The box rule has a minimum weight, 5kg I think. There's also a production minimum, I think it's 30 boards which isn't a lot. But at least this means board development can continue to happen. Box rules are way, way better than "on design rules" where people end up buying 10 boards and finding out which one is fastest. You're right about kites, registration seems pointless, just go with the silly low production minimum.lander wrote: But why havving this list as long as the equipment is following a box-rule ? This rule could also incl. weight of board (so a custom would have no advantage over a production, but I could be proud riding my own board) and the rule could aslo give the kite a box to fit (And I could use my mothers home made kites)
DUDE!tautologies wrote:As much as I understand the point of box rule, I think it is a little weird. I can also see arguments against it.
How much does it cost for a brand to register a product? And really what good does the monies spent do? I mean IKA certainly were not on it when it came to get kiteboarding into the olympics.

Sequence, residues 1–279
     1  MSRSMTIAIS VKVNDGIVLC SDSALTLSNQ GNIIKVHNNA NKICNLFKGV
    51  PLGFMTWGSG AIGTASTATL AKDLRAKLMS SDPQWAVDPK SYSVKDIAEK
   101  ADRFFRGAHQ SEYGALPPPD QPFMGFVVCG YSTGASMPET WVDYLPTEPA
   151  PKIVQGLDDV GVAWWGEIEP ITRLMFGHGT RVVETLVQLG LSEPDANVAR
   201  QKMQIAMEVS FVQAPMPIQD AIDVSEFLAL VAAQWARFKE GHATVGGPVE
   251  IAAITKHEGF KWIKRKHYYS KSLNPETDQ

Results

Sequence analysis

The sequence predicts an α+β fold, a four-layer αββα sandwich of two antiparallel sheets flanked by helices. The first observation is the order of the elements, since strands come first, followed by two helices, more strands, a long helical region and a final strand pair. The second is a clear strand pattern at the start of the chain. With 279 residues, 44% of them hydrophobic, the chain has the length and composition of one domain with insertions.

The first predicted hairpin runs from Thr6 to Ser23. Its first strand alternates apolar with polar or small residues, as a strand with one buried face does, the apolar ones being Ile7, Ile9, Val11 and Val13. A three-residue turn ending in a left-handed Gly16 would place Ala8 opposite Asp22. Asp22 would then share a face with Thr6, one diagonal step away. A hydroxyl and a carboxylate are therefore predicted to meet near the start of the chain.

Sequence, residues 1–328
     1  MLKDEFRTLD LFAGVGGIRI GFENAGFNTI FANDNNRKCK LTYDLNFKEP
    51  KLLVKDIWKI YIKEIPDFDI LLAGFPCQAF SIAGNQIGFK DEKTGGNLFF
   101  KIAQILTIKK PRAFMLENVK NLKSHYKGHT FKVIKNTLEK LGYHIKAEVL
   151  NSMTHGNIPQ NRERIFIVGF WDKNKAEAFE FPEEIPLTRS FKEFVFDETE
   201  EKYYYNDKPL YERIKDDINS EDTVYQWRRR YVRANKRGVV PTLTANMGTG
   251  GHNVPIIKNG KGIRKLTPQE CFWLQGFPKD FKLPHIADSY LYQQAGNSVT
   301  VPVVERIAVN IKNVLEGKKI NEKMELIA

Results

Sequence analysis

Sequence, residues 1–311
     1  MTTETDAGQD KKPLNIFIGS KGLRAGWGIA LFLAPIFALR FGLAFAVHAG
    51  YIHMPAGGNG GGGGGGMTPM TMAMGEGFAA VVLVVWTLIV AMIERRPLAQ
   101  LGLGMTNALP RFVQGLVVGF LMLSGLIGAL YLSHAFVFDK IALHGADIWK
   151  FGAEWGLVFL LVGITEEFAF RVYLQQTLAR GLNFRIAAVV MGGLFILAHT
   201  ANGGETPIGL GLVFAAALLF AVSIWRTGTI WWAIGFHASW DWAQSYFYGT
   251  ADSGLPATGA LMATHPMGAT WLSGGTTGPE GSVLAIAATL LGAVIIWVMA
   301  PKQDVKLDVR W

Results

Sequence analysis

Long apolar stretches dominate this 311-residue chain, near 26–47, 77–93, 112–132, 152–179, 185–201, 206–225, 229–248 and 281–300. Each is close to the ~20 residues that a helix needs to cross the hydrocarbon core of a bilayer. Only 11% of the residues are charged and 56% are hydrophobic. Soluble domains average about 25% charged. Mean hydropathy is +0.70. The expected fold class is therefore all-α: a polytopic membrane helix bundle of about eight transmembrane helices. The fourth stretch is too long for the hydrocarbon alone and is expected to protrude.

Their website still shows 2011 registration information, which makes them look a little well not quite up to par.
My point is only if you start charging for something you have to follow up and be professional.
I am probably a little peeved that kiteboarding missed the mark so badly in becoming an olympic sport.
Dude. Ok.gmb13 wrote:
Are there any minimum requirements for number of kites? I mean it would not be as hard to sell 30 super high tech kites and sell them...that is a lot harder with boards.gbleck wrote:It's to avoid people using one off high tech supper prototype kites.
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